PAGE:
Tuesday, February 9, 2010

Leadville, February 1880: Beware of Big Ed Burns

I'm taking a break from the daily grind and from blasting anonymous blog spammers into oblivion to revisit Leadville of the past. There may not have been obnoxious spammers in Leadville of February 1880, but there were plenty of con men and so-called "bummers," including Big Ed Burns, who was described by the Carbonate Chronicle thusly:
. . . His strength was something terrible, and his deep chest was a human embodiment of Hercules . . . but with all his massiveness of frame he was agile and quick as a ballet dancer. Standing by the bar in a saloon he prided himself upon the fact that he could kick a man’s hat off with a single sweep of his foot. . . .

Burns did anything to make money, and as he seldom had the cash to engage in any of what are termed square gambling schemes, he earned a precarious livelihood by “skingames.” The old Theatre Comique was his favorite haunt. In a little side room known as “the joint,” many is the honest miner whom Big Ed robbed by dice, bunko or crooked poker. A cabinet of mineral specimens in one corner was always the pretext under which the victim was enticed into the den, and the gigantic form of the swindler did not make it desirable for the “sucker” to kick very loud or long.

. . . Might was right, muscle was master, and wherever brute strength was needed, Big Ed was called upon. The quieting effect that his massive form had upon a crowd, was something not readily expressed in words, and when he leaped into a wrangling circle of men, flung a chair out of the window, and said: “Let there be peace,” the silence was painful.
Several interesting bits emerge from this. First, newspapers are great for identifying slang, i.e., the term "the joint." According to the online etymology dictionary:
... Slang meaning of "place, building, establishment" (esp. one where persons meet for shady activities) first recorded 1877, Amer.Eng., from an earlier Anglo-Irish sense (1821), perhaps on the notion of a side-room, one "joined" to a main room. The original U.S. sense was especially of "an opium-smoking den.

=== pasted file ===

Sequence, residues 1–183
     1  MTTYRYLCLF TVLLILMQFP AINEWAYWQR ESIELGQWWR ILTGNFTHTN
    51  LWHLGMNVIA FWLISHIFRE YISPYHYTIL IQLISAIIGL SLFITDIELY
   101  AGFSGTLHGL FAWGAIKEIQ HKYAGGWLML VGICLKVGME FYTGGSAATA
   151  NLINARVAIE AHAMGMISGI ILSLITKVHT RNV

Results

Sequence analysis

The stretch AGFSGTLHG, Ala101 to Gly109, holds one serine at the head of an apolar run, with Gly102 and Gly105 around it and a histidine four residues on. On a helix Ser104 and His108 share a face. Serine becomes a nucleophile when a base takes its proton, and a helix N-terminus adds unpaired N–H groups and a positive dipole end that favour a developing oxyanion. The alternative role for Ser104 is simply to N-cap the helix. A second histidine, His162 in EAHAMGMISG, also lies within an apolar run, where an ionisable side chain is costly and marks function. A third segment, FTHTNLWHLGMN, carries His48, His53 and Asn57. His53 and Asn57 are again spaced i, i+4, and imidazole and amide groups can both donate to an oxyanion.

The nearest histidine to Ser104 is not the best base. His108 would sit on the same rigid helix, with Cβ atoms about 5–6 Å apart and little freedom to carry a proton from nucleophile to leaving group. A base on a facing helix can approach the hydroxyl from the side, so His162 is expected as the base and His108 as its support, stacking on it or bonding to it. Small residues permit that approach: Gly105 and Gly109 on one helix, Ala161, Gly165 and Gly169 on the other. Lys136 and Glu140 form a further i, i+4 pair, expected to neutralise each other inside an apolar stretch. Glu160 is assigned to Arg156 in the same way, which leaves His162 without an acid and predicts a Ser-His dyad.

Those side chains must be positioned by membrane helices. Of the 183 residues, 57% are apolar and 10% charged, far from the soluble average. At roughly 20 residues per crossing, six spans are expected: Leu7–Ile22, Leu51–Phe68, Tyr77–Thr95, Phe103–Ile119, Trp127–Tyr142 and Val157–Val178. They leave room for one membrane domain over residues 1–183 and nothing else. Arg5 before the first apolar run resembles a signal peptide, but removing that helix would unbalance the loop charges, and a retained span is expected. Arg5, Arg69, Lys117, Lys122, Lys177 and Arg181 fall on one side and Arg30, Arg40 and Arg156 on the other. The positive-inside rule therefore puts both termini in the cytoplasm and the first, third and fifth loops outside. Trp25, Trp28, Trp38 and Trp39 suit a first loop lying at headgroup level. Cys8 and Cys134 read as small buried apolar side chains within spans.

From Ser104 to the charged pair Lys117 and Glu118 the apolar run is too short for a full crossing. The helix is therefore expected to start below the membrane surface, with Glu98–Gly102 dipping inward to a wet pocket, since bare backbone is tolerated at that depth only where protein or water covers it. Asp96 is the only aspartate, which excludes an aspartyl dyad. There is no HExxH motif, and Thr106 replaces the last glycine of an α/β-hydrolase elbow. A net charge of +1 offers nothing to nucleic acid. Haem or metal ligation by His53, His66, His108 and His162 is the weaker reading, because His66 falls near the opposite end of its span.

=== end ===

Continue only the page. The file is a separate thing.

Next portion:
It's also interesting that the poker was crooked, but apparently not the dice nor the bunko. Add to that, apparently Big Ed was employed to keep the peace. Seems it was a common practice to hire thugs as necessary. A big thug no doubt commanded respect and compliance from the "rougher element."

Hmmm. Could be fun to employ a "Big Ed" type of person in some future Silver Rush tale. I'll have to remember that. Too bad there isn't a virtual Big Ed to take take of the anonymous posters of annoying comments to this blog! I'd even suffer a virtual chair through the virtual window to silence them.

7 comments:

Jeff Smith said...

Hi, Ann.
Sure hope you don't consider me an obnoxious poster, lol.

I researched the life of "Big Ed" Burns as he was a member of my great-grandfathers bunco gang in Denver and Creede, Colorado and later followed him to Skagway, Alaska during the Klondike gold rush. My book, Alias Soapy Smith: The Life and Death of a Scoundrel includes much about Burns.

Jeff Smith
Blog: Soapy Smith Soap Box

Jeff Smith said...

Hope you don't mind...

I posted the newspaper quote and your Burns link on my blog...

Ann Parker said...

Hi Jeff! noooo, you are a very welcome poster! :-)
Your book sounds really interesting. I'll have to order a copy.

Camille Minichino said...

Don't you wish today's newspapers were as fun to read?

Ann Parker said...

Hi Camille!
I agree...
Maybe 100 years from now our newspapers will be read with the same fascination as we read "newspapers of old." All a matter of perspective. :-)

Anonymous said...

nice post. thanks.

Christina Rodriguez said...

Hmm, the employment of thugs as "security," I think we've all seen this before! Nice guys don't make good "bouncers." You need someone who can toe that ethical line and have everyone know it.

Sorry you're having such a hard time with spammers. I hope that gets better.